The BayBCs of Death

I love horror movies. Netflix may not have enough classic horror (try looking up Boris Karloff, Peter Cushing, and Vincent Price and see how many movies you get) or modern high profile horror but they sure do have more horror movies than I can watch.

The BayThe Bay (2012) – Rated R

From director Barry Levinson comes this gruesome tale of ecological horror that follows unfolding events in a seaside Maryland town as a deadly menace infests the bay and turns residents into hosts for mutant parasites.”

Like most people I despise both shaky cam and the found footage genre. However, The Bay’s conceit really works as several different video feeds are used to try to determine the causes of a disaster that befalls a small Maryland town. The Bay is a really good, tense low-budget horror movie with a cast of unknowns.

The ABCs of DeathThe ABC’s of Death (2012) – Not rated

Twenty-six masters of the horror genre were each given a letter of the alphabet around which to concoct a story about death in this audacious anthology film that explores the terrifying, humorous and poignant aspects of the journey we all must take.

First let me take objection to the phrase ‘twenty-six masters of the horror genre’. This is not from twenty-six masters of the horror genre. Are there any current masters of the horror genre?

John Carpenter gave us Halloween, The Thing, and The Fog but more recently The Ward and Ghosts of Mars. Wes Craven gave us The Hills Have Eyes, A Nightmare on Elm Street, and Scream but more recently Cursed and My Soul to Take. Tobe Hooper gave us Texas Chainsaw Massacre, Salem’s Lot, and Poltergeist but more recently Toolbox Murders and Mortuary. So clearly the older horror masters are no longer masters.

Who are the current masters? Eli Roth (Hostel)? Rob Zombie (Halloween reboot)? Leigh Whannell and James Wan (Saw, Insidious)? None of these people are involved with ABCs.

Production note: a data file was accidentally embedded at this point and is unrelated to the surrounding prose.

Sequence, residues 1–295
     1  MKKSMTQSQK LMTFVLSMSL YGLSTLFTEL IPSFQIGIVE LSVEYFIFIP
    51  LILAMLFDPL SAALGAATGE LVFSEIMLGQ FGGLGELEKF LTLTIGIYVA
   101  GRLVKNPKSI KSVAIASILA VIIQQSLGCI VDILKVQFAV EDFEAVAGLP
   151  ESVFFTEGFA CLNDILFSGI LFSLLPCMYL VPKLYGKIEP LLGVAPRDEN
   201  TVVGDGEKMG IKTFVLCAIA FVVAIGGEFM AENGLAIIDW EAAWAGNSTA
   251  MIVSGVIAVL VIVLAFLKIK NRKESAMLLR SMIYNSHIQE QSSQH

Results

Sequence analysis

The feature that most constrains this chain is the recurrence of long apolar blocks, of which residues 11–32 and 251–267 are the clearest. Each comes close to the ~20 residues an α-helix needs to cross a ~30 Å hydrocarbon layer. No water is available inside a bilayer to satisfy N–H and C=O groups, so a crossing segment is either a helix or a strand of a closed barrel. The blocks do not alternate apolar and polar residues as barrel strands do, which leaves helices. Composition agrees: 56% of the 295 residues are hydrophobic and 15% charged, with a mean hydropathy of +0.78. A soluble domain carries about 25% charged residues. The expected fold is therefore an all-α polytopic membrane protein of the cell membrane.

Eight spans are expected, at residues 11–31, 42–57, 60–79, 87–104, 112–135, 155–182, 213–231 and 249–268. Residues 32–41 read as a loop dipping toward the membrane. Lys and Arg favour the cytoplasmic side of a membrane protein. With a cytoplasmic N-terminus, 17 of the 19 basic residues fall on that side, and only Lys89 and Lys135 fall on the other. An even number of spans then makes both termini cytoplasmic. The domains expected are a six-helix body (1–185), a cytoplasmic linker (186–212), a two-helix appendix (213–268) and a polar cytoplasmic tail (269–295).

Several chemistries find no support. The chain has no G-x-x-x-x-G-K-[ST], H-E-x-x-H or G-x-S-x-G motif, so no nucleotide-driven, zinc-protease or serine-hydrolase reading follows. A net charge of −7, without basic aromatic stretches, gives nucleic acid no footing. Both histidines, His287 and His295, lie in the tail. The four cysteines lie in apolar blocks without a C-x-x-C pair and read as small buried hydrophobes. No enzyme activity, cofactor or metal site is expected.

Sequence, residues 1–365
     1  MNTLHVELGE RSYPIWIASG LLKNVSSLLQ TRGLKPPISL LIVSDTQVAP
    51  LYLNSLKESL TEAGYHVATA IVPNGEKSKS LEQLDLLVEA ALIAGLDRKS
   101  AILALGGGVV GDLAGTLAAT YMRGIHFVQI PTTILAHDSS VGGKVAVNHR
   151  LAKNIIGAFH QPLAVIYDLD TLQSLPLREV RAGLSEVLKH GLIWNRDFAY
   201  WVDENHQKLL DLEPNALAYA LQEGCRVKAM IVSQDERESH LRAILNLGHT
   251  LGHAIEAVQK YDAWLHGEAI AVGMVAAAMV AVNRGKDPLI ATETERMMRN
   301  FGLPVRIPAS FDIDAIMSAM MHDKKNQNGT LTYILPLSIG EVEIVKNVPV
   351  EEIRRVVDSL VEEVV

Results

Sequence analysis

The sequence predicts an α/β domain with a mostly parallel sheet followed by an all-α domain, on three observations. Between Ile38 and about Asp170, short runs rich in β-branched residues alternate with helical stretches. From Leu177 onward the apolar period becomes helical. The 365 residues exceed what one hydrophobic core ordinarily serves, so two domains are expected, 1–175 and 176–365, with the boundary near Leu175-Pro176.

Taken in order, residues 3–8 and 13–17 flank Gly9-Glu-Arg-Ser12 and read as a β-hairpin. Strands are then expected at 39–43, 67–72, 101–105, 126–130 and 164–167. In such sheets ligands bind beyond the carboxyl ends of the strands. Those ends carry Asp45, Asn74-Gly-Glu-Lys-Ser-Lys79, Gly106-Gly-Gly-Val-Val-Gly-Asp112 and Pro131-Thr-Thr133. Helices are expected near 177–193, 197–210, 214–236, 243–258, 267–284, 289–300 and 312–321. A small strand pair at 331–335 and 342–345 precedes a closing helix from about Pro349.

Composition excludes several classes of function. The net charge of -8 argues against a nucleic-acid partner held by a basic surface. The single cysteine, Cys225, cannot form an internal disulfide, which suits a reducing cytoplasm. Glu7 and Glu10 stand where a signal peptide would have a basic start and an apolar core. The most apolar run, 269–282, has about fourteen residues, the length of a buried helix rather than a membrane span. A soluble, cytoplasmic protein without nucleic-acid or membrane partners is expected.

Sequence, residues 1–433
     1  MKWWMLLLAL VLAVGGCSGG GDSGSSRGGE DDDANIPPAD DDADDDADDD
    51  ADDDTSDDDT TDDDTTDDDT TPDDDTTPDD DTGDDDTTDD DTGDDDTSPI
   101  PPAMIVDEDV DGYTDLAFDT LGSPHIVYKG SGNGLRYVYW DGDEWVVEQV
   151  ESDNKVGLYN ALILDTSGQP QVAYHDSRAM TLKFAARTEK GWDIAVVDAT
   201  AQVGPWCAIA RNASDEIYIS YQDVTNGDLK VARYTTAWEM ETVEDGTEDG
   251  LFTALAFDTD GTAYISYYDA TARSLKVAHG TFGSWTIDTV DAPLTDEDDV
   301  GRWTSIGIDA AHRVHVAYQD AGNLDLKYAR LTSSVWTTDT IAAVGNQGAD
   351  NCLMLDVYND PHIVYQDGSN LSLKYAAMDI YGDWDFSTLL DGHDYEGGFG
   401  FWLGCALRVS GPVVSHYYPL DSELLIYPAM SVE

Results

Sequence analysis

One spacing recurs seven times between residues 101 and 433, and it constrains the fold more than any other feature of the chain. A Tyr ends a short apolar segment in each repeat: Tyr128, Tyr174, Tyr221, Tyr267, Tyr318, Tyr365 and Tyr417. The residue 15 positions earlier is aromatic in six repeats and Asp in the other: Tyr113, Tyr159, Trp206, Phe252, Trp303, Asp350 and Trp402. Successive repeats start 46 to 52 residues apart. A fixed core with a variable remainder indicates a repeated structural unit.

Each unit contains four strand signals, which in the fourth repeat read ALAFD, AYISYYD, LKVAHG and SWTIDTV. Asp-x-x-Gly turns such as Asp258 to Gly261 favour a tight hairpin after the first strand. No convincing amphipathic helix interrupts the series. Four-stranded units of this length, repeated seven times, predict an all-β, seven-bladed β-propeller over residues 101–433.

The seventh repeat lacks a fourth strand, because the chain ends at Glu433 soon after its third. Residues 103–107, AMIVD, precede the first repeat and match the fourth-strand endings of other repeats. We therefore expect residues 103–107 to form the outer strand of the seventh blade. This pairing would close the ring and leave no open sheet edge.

Looking at their director list I do spot a few masters such as Ti West (The House of the Devil) and Ben Wheatley (Down Terrace) but for the most part, the directors list consists of people who have worked on some horror films but I guess that doesn’t sound as good.

ABCs is certainly a mixed bag. Given only a few minutes and $5,000 to impress, these shorts go in all sorts of directions. Many are juvenile focusing on nudity, masturbation, gore, sex, farts, poop, and POV shots to distinguish themselves. A few are good and one (Q) is excellent, the more so because of the A-P you have to sit through to get there. Unfortunately the majority aren’t worth your time and plenty attempt to shock but will only cause you to shake your head.

…And Justice for All – Al Pacino week

This is Al Pacino week. …And Justice for All is currently available on instant Netflix.

And Justice for All

WATCH: …And Justice for All (1979) – Rated R

“America’s justice system comes under indictment in director Norman Jewison’s trenchant film starring Al Pacino as upstanding attorney Arthur Kirkland. A hard-line — and tainted — judge (John Forsythe) stands accused of rape, and Kirkland (Al Pacino) has to defend him. Kirkland has a history with the judge, who jailed one of the lawyer’s clients on a technicality. When the judge confesses his guilt, Kirkland faces an ethical and legal quandary.”

“I have a client in jail for a busted tail light and I can’t get him out.”

The above quote sums up much of the movie. Norman Jewison made this stinging indictment of the legal system in 1979 but it plays pretty fresh today. It is much like a Catch-22 for the courts. There are a number of travesties of justice across several cases before Pacino’s oft-quoted Network-style rant.

While it is somewhat heavy-handed, the miscarriages are quite believable. I’m glad the story was about how the legal system is a game instead of how it is slanted liberal or conservative. There are innocent people here who are punished as well as guilty ones that are not punished.

Valerie Curtin and Barry Levinson’s script was nominated for Best Screenplay. It’s gratifying and disconcerting how they are able to keep a somewhat light tone even with all the dreadful things occurring in this film. I mentioned Catch-22 and Network earlier but the film this most reminds me of is George C. Scott’s The Hospital.

Al Pacino is wonderful again in this and was nominated for an Oscar. I’m glad to have a chance to go back and look at some of his early roles this week. His most recent work is simply awful (88 Minutes and Righteous Kill). His histrionics in his early work (Dog Day Afternoon, And Justice for All) comes off as intensity. Later (the aforementioned 88 Minutes and Righteous Kill) it comes off as self-caricature.

There are some scenes that if replaced would have made this a much stronger film (the helicopter sequence, any part of the unconvincing and unnecessary romance). The themes are nice but there are so many individual cases that none of them are given enough depth to make this a drama. I think this and a need to balance out the bleak outcomes is why they went with a more lighthearted tone.

I recommend this film though yesterday’s Dog Day Afternoon is better.

People Watch: Look for a young ‘Coach’, Craig T. Nelson, as Frank Bowers and Method acting coach Lee Strasberg as Kirkland’s grandfather.